What do Brexit and Covid-19 have in common? They’ve each cost the UK at least £250bn so far, new research out this week suggests – adding that long-term, Brexit is set to prove the more expensive.
Parcel delivery comparison website ParcelHero this week analysed Government figures and publicly-available third-party economic assessments and forecasts to arrive at the totals.
ParcelHero head of consumer research David Jinks says: “British businesses have had a torrid few years. The impact of either Covid-19 or Brexit would have been bad enough; together they have proved disastrous. But which has been the heavier burden for them to bear? The shocking answer is that the entirely avoidable Brexit crisis has had as much of an impact on UK businesses as the unforeseeable Covid-19 tragedy, and its costs are still rising.”
ParcelHero’s calculations start with the cost of Covid-19, citing research from the Centre for Economics and Business Research which put the total for Covid-19 lockdowns at £251bn. It found that the value of goods and services produced by the economy was more than £250bn lower than it would have been, as represented by the GVA (gross value added) of the economy – the value of goods and services delivered minus the costs of producing them.
Within that, business insurer Simply Business found that Covid-19 cost small businesses £126.6bn, and in November 2021, a Government report suggested that the UK government had set aside almost £365bn in announced budgetary measures in its response to Covid .
The Brexit column of the calculation starts with a 2020 Bloomberg Economics report that suggests the economic cost of Brexit would have top £200bn in lost revenues to UK companies, before it even happened, with the British economy by then 3% smaller than it otherwise would have been.
In August 2020, an Institute for Government suggested in August 2020 that the UK government expected to have spent £8.1bn on preparing for Brexit by the end of the transition period, which ended in January 2020. That included £4.4bn that the National Audit Office suggested had already been spent by January 31 2020.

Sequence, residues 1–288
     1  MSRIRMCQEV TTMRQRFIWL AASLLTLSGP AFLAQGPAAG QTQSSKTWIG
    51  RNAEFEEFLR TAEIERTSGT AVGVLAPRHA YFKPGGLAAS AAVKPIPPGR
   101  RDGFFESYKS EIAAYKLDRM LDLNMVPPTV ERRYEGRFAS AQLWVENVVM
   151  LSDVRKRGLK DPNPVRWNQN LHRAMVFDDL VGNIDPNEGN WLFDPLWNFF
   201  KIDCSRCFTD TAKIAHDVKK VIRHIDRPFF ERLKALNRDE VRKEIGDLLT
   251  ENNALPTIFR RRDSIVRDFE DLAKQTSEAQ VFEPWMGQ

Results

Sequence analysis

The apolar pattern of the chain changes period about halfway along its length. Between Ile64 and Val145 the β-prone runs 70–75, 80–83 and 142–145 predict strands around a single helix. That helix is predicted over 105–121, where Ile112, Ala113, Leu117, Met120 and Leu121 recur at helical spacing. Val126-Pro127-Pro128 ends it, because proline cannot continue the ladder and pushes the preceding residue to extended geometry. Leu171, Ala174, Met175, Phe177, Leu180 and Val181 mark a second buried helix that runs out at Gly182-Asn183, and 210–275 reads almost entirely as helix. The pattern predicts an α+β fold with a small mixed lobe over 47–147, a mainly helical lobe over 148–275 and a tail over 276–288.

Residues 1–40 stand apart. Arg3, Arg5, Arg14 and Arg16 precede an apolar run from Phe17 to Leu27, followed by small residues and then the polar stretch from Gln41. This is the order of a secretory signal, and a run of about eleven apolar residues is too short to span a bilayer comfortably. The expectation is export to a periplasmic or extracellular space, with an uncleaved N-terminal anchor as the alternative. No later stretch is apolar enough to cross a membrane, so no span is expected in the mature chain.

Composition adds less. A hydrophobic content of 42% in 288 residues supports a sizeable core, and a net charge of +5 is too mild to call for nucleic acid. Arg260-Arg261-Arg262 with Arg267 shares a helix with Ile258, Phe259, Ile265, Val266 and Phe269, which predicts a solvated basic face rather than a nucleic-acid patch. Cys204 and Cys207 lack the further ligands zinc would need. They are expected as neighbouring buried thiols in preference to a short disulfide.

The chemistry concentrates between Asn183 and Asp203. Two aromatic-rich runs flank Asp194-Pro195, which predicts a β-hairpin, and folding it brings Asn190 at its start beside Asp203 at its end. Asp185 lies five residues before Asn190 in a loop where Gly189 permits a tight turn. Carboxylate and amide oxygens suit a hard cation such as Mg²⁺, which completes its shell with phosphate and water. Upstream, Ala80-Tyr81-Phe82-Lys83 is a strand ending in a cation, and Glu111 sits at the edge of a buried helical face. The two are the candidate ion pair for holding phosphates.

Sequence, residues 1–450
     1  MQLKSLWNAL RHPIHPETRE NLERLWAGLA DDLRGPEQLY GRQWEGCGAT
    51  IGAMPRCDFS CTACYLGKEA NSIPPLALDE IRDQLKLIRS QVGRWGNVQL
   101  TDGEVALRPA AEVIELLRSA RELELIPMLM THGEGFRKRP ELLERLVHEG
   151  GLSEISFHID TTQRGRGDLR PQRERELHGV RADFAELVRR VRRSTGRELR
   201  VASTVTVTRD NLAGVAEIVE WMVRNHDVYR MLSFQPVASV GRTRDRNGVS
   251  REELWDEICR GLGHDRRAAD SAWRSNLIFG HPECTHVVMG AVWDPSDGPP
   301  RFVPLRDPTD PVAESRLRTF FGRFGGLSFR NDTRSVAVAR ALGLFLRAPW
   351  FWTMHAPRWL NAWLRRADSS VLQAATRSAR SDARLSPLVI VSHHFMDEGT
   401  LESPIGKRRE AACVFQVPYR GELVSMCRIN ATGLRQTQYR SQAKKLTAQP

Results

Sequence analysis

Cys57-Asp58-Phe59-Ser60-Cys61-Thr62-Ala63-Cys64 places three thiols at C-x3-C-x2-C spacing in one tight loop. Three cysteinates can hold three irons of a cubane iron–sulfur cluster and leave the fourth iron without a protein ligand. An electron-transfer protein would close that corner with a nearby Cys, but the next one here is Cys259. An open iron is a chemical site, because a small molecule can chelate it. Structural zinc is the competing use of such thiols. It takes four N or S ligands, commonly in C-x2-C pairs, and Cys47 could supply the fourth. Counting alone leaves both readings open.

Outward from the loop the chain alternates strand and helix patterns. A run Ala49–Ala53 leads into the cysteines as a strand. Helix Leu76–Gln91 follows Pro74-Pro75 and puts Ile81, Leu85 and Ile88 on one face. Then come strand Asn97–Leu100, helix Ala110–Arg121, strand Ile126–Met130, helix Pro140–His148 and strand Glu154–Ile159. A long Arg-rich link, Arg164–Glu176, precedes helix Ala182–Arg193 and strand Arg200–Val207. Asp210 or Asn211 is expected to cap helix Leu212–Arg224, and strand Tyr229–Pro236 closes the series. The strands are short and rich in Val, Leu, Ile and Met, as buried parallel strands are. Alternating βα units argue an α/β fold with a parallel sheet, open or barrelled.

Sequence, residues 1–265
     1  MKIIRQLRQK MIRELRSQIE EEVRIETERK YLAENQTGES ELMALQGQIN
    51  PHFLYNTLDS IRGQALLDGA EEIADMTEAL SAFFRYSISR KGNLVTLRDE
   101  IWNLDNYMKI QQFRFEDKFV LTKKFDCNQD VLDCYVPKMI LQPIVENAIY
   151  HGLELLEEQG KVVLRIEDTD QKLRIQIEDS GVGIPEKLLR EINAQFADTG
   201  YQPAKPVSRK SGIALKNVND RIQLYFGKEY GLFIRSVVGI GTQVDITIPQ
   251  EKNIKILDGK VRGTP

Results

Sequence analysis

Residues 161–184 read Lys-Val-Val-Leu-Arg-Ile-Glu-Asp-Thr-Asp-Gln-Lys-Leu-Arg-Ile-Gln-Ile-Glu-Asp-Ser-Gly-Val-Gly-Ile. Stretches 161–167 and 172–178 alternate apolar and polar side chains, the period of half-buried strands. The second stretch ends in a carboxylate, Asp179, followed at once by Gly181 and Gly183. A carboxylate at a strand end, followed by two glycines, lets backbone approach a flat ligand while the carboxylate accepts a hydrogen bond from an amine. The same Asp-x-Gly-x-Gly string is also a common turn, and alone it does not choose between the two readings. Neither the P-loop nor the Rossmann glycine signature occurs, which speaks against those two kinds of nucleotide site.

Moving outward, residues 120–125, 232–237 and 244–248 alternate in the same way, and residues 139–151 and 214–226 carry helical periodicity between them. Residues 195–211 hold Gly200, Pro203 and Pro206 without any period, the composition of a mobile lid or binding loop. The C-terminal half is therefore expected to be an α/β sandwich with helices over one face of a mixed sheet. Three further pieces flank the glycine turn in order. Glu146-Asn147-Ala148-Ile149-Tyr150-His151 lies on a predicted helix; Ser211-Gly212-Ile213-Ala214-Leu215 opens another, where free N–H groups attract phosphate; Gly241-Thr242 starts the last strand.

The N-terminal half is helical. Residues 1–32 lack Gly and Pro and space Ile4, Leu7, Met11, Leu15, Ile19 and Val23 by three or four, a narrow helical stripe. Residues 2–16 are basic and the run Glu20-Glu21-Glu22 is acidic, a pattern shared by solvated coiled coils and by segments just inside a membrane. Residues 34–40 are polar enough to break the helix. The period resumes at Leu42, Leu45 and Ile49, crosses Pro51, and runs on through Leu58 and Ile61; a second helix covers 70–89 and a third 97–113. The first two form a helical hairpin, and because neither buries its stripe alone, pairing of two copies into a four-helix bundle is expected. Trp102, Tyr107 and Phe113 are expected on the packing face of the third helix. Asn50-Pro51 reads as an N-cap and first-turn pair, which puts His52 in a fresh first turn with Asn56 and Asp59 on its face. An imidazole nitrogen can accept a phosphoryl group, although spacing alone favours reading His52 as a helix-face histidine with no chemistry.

And in November 2021, a report from the UK Trade Policy Observatory suggested that falling trade had cost UK businesses a further £43.5bn – divided between £32.5bn in imports and £11bn in exports.
Jinks says the two sums mean “the combined costs of Brexit and of the pandemic both equal around £250bn. However, in the long term, Brexit could end up costing even more than Covid-19.”
He points to comments by Thomas Sampson, associate professor at the London School of Economics, who predicted in an August 2020 blogpost that, “When measured in terms of their impact on the present value of UK GDP, the Brexit shock is forecast to be two to three times greater than the impact of COVID-19.”
And he cites forecasts from the Office for Budget Responsibility (OBR) last October that suggested leaving the EU would “reduce our long run GDP by around 4%.” That adds to a 2% hit from the pandemic.
The Government Business Insights report of January 13 2022 estimated that 66% of UK businesses experienced challenges with exporting and 79% with importing in December 2021, with 33.7% of transport and logistics companies closing, permanently (2.7%), temporarily (11.8%) or partially (19.3%).